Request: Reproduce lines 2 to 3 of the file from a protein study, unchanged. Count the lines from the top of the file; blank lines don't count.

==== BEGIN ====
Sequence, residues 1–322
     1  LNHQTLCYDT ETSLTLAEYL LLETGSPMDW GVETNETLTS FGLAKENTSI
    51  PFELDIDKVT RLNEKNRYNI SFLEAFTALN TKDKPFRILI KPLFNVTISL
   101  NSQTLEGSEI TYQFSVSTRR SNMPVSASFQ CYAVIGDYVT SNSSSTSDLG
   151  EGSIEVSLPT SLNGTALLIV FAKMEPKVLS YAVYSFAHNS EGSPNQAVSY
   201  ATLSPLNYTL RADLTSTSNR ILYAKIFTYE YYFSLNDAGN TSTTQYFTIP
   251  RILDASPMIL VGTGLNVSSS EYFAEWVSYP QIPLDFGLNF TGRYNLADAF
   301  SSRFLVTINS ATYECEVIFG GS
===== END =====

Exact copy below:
     1  LNHQTLCYDT ETSLTLAEYL LLETGSPMDW GVETNETLTS FGLAKENTSI
    51  PFELDIDKVT RLNEKNRYNI SFLEAFTALN TKDKPFRILI KPLFNVTISL